If you’re receiving treatment for cancer, you’ll most likely need to spend some time in a hospital or clinic. But in some cases, aspects of cancer treatment can be managed at home.
To learn about your home treatment options, talk with your cancer care team. Here are some questions that you can ask to get the information you need.
What are the potential benefits of home treatment?
Depending on your personal preferences and living situation, you might find it more convenient or comfortable to receive treatment at home. In some cases, home treatment might also be less expensive than visiting a hospital or clinic. You’ll be able to avoid commuting time and possibly cut down on waiting time.
What are the potential risks of home treatment?
If you’re self-administering medications rather than receiving them from a trained professional, you might be more likely to make a mistake. You might also be less prepared to recognize and respond to potential side effects of a treatment or complications of cancer.
Am I a candidate for home treatment?
Your cancer care team can assess your medical condition, treatment plan, and living situation to determine if home treatment is an option for you.
They will likely take into account:
- the type and stage of cancer you have
- any other medical conditions you have
- your treatment plan, including your prescribed drug regimen
- your risk of developing complications from cancer or side effects from treatment
- the location and condition of your home, including its distance from the hospital
- the number and ages of people you live with, as well as their ability to assist you during treatment
Can I take my prescribed medications at home?
Some cancer medications can be administered at home, including some types of:
- intravenous (IV) chemotherapy or antibiotics
- therapies administered by patch or suppository
It’s important to take your medications as prescribed. If you think you might be experiencing side effects from a medication, contact your cancer care team right away.
Can I get help from a homecare nurse?
A homecare nurse or other healthcare professional might be able to visit you at home to give you medications. They can teach a caregiver how to administer your medications, or teach you how to self-administer them.
A homecare nurse can also teach you how to:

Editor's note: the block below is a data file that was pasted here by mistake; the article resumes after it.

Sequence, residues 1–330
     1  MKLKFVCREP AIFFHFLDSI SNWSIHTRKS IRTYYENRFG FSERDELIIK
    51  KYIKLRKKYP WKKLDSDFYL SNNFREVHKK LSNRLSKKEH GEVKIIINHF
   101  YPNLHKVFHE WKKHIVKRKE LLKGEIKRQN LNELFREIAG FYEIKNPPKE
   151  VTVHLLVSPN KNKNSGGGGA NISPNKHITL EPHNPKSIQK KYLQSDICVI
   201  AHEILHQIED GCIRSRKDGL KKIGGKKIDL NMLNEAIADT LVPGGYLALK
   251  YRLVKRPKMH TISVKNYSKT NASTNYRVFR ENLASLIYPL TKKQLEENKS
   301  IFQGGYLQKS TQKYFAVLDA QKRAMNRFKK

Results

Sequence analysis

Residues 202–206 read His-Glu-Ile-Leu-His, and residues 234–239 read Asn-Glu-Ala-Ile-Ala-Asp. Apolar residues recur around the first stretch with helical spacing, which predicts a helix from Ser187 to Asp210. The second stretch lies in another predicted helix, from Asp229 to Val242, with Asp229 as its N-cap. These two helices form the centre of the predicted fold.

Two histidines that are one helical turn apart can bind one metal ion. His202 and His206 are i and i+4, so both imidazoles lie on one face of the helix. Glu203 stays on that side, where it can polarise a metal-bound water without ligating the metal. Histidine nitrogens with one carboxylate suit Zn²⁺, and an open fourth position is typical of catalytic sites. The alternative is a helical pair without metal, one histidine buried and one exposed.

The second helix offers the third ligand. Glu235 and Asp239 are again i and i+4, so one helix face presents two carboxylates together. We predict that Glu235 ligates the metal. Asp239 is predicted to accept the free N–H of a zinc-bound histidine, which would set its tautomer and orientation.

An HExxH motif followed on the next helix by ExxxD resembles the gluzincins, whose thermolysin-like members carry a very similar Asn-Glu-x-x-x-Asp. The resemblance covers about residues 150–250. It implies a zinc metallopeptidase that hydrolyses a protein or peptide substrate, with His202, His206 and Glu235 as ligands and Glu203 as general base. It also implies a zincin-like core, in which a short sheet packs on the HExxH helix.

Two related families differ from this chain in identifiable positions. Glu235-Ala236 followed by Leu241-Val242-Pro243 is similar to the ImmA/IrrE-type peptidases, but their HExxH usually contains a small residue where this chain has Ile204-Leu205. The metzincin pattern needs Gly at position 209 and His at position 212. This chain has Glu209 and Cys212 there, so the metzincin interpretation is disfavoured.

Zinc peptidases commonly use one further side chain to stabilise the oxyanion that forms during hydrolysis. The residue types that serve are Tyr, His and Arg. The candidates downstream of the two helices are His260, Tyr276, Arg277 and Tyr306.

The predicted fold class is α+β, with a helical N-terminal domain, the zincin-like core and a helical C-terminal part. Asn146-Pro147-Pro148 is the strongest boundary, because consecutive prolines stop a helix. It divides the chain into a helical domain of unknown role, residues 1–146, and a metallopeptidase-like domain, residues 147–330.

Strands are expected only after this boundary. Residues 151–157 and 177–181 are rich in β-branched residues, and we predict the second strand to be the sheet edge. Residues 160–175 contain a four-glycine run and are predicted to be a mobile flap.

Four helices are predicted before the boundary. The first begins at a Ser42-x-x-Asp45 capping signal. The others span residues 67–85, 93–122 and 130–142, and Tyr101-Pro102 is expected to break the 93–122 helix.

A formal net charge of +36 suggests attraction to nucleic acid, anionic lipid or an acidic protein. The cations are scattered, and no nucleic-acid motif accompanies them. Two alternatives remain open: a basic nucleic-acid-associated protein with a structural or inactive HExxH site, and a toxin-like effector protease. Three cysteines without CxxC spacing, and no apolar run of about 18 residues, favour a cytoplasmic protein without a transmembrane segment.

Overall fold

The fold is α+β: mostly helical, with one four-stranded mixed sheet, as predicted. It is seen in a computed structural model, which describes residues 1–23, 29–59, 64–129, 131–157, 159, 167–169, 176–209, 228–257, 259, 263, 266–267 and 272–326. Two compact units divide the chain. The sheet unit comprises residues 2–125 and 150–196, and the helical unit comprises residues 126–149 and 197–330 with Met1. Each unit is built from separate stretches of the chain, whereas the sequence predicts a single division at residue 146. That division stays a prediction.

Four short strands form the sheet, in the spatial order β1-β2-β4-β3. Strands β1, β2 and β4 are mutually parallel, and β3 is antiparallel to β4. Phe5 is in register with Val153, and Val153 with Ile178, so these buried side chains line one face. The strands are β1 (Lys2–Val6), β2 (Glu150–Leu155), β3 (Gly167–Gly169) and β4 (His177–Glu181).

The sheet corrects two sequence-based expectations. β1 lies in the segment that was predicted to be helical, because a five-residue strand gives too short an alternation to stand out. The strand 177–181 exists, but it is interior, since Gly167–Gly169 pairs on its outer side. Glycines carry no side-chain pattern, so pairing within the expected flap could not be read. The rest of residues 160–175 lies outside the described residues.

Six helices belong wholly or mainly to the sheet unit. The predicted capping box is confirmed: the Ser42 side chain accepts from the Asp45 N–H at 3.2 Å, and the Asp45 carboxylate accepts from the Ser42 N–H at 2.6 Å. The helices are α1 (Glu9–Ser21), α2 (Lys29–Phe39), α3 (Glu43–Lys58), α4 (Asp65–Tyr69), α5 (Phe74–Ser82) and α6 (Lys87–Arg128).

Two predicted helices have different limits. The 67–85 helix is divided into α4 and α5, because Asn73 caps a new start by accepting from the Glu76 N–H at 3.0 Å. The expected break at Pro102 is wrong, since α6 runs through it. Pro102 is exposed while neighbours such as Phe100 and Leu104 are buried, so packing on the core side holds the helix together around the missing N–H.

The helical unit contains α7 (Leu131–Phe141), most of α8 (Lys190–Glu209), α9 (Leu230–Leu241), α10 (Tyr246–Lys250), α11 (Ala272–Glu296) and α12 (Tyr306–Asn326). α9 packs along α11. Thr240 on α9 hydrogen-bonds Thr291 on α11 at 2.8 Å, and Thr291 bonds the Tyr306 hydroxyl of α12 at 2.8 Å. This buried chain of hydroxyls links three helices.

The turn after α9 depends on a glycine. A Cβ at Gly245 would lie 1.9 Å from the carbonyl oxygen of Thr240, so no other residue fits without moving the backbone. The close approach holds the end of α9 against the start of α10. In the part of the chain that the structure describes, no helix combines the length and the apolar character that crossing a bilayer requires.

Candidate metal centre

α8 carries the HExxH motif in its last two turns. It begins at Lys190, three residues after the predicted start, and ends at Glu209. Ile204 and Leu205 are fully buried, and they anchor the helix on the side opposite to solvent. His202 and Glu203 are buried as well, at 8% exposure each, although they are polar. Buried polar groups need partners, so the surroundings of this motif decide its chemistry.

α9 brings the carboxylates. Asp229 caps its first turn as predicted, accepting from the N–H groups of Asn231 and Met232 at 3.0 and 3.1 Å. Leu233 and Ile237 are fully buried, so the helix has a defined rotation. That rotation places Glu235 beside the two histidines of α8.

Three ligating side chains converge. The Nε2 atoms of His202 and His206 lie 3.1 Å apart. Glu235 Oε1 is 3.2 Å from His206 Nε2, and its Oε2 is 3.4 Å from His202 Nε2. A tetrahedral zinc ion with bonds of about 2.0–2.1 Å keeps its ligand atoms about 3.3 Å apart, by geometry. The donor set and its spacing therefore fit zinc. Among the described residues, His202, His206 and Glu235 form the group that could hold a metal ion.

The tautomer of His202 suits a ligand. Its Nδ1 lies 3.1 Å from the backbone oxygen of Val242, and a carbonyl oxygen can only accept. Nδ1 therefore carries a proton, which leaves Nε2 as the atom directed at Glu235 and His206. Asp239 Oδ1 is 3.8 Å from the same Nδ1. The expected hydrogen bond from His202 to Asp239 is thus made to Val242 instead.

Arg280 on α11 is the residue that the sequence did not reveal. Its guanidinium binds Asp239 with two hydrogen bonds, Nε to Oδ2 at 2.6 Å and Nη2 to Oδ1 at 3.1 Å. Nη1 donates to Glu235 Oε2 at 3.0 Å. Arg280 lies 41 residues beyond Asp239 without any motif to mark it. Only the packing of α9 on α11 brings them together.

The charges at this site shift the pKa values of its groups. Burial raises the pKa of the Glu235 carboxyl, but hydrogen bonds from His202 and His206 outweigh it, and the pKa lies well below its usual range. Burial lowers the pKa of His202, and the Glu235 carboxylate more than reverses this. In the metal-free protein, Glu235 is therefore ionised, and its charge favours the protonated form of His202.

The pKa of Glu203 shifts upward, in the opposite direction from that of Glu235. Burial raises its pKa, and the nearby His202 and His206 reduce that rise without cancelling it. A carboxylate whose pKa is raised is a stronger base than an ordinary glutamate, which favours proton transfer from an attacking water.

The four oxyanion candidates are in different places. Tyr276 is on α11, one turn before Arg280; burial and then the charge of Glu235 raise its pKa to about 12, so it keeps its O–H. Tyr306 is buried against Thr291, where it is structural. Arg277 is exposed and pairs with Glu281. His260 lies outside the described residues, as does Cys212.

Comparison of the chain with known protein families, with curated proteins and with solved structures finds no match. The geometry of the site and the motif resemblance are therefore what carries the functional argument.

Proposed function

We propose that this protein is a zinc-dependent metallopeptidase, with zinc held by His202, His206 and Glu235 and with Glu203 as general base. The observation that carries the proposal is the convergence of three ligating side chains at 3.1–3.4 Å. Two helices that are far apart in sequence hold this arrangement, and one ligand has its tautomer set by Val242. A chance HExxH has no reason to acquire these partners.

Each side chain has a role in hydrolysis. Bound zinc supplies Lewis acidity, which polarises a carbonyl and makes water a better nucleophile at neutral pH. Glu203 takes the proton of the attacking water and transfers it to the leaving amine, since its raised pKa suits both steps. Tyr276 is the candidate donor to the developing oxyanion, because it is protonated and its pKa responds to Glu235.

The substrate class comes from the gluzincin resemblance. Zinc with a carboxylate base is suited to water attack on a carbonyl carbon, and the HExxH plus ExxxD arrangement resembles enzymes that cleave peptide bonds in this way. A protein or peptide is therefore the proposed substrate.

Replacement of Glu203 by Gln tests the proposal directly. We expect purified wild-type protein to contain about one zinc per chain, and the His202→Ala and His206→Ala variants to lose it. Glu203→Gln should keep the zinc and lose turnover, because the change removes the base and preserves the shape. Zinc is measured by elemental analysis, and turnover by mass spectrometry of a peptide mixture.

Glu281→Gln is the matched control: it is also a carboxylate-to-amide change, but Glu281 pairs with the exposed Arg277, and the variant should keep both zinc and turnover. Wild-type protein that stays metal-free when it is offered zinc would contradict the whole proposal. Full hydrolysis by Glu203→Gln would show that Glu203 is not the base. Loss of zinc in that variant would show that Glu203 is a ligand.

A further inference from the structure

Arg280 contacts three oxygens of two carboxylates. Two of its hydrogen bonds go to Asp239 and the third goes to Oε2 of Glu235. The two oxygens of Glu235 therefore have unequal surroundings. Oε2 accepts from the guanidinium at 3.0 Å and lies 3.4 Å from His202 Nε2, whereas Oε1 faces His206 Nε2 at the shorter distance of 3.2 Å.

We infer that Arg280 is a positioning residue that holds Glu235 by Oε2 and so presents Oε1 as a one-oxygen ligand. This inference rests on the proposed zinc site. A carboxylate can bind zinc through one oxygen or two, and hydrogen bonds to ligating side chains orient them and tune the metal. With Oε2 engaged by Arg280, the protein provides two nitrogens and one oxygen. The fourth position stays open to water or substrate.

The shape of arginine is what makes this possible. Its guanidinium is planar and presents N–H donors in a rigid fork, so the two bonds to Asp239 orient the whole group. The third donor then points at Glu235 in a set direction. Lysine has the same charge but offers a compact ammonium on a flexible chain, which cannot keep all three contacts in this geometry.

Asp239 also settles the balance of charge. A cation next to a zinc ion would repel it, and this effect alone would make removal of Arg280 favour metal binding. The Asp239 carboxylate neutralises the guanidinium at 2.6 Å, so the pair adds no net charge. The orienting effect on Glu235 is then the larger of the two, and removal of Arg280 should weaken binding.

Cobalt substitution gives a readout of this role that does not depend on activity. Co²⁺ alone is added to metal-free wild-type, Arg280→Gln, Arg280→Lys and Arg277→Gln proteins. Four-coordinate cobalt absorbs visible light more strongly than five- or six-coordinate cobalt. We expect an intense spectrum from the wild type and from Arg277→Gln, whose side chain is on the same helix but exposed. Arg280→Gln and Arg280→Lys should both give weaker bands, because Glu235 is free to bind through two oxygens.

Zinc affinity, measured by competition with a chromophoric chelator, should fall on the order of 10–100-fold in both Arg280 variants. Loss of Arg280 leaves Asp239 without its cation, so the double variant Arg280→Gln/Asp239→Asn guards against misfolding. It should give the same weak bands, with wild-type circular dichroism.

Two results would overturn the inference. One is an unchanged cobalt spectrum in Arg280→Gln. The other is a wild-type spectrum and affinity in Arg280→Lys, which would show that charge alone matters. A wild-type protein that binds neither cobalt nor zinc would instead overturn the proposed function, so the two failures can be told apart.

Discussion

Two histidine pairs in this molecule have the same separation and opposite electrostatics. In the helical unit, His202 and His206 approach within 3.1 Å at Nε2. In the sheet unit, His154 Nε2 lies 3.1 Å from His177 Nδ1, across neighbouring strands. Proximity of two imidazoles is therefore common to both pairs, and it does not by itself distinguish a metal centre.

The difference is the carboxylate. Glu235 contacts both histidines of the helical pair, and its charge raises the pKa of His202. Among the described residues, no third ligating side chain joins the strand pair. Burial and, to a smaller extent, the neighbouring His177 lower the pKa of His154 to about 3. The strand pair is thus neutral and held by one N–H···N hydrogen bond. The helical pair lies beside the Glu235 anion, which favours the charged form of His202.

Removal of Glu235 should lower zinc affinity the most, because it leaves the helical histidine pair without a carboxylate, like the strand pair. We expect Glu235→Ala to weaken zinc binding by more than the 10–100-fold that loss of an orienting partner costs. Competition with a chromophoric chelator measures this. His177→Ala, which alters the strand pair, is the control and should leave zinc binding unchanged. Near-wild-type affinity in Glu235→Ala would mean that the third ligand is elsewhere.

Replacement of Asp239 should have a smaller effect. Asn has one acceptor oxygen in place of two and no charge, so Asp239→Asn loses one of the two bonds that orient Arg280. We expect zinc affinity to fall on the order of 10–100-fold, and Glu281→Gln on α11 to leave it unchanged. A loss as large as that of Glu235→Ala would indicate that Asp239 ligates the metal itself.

- organize and store your medications
- check, clean, and dress injection or IV sites
- recognize and respond to potential problems, such as side effects from medication or infection at an injection site
They can also teach you how to safely dispose of needles, syringes, or other medical waste.
How can my family support my treatment?
If you live with family members or other people, they might be able to provide support during home treatment. Depending on their age and ability, they can:
- help organize, store, and administer your medications
- maintain a list of names and contact information for members of your cancer care team
- call your care team or local emergency medical services when needed
- provide help with basic care activities, such as meal preparation
- provide emotional and social support
When should I contact my cancer care team?
Your cancer care team plays an important role in keeping you healthy, even if you’re receiving home treatment. Members of your care team might encourage you to contact them if you:
- need to refill a prescription
- spill, lose, or forget to take a dose of medication
- have trouble self-administering your medication
- experience uncomfortable side effects
- develop a fever or signs of infection at an injection or IV site
- develop unexpected or alarming changes in your condition
If you develop signs or symptoms of an allergic reaction to medication, your cancer care team will likely advise you to contact emergency medical services (e.g., 911).
Ask your cancer care team to teach you how to recognize the potential signs and symptoms of an allergic reaction and other problems. Make sure that you have up-to-date contact information for members of your team.
How much will home treatment cost?
Self-administering treatment at home is often less expensive than receiving treatment in a hospital or clinic. But in some cases, health insurance plans don’t cover the costs of home treatment. If you have health insurance, your cancer care team may encourage you to contact your insurance provider to learn if home treatments are covered.
If you’re interested in knowing more about options for at-home cancer treatments, talk to your doctor or your cancer care team. Depending on your treatment plan, you may be able to self-administer some of your medications at home.